It allows you to input assumptions on savings, social security, and retirement spending. It will then spit out different retirement scenarios showing how likely you are to be on track for your financial goals.
The next tool is the Savings Planner. It will help you figure out how much you need to save for various savings goals, such as retirement, your emergency fund, or to pay off debt. While I don’t find myself using these tools frequently, they are powerful none the less.
Next is perhaps my favorite Personal Capital tool: The Retirement Fee Analyzer. As you may know, I HATE paying fees for my investments (namely sky-high expense ratios for mutual funds or ETFs). The Retirement Fee Analyzer allows you to input your investment assumptions, and then it will tell you how much of your earnings are lost to fees.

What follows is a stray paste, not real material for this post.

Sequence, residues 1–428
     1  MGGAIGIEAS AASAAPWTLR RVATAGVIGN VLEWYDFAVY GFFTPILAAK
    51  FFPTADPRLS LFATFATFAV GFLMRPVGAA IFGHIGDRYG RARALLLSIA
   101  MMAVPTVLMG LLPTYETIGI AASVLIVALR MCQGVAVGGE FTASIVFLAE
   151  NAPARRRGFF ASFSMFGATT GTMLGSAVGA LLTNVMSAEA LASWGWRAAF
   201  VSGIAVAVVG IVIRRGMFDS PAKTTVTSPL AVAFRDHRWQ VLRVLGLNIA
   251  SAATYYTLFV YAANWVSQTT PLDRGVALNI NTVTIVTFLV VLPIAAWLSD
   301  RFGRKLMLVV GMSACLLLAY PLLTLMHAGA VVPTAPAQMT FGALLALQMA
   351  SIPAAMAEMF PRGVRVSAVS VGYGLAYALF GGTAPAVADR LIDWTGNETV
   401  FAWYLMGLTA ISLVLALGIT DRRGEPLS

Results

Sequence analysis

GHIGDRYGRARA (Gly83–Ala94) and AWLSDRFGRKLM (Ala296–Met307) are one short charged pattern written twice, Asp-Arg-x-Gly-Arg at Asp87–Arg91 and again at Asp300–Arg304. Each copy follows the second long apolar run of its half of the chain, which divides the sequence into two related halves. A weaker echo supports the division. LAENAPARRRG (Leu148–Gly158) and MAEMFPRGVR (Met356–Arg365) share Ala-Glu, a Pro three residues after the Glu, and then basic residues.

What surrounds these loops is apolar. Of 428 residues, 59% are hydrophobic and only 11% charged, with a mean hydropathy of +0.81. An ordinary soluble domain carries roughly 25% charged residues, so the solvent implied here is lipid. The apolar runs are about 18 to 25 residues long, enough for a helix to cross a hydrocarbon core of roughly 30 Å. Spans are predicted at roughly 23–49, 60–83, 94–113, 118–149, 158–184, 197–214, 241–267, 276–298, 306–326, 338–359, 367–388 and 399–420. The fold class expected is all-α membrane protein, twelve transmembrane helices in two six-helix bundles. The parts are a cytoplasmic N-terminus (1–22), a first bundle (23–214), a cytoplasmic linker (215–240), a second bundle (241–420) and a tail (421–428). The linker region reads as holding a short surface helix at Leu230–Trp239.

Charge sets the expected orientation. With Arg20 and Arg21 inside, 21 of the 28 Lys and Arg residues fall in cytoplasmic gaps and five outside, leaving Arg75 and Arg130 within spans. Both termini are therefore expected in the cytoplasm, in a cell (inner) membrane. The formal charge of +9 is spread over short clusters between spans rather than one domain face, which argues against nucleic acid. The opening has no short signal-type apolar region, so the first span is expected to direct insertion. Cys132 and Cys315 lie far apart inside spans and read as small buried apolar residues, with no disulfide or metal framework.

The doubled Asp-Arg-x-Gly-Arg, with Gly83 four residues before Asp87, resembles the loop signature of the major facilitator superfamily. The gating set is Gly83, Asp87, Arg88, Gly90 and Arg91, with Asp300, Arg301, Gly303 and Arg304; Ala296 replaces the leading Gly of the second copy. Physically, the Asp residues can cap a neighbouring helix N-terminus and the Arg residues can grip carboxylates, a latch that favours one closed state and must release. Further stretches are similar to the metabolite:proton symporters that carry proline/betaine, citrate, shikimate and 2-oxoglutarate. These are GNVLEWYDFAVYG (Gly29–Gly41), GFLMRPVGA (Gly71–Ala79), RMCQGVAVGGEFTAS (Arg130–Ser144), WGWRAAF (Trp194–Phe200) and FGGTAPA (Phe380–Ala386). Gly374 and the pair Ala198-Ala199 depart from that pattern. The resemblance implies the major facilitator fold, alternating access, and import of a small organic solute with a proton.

If you’re looking to make sure you aren’t overpaying for your investments, this tool is the best around.
The last planning tool is the Investment Checkup tool. Based on your age and risk profile, Personal Capital will suggest a portfolio allocation and show you how closely your portfolio aligns with the target. If you’re just getting started investing, this tool is fantastic!
Personal Capital Advisors
While it is not how I use the tool, Personal Capital does have an advisory service where you can speak to someone about your financial goals. This wealth management service is only available to those with at least $100,000 in investable assets.
What I Like About Personal Capital
Now, I’ve covered a lot of the tools, but I want to mention a couple of other things I like about Personal Capital.
First, it is entirely FREE to use Personal Capital’s suite of financial tools. If you want to use their advisory service (as briefly outlined above), there are management fees. But again, I don’t use Personal Capital this way, and I don’t think you need to either.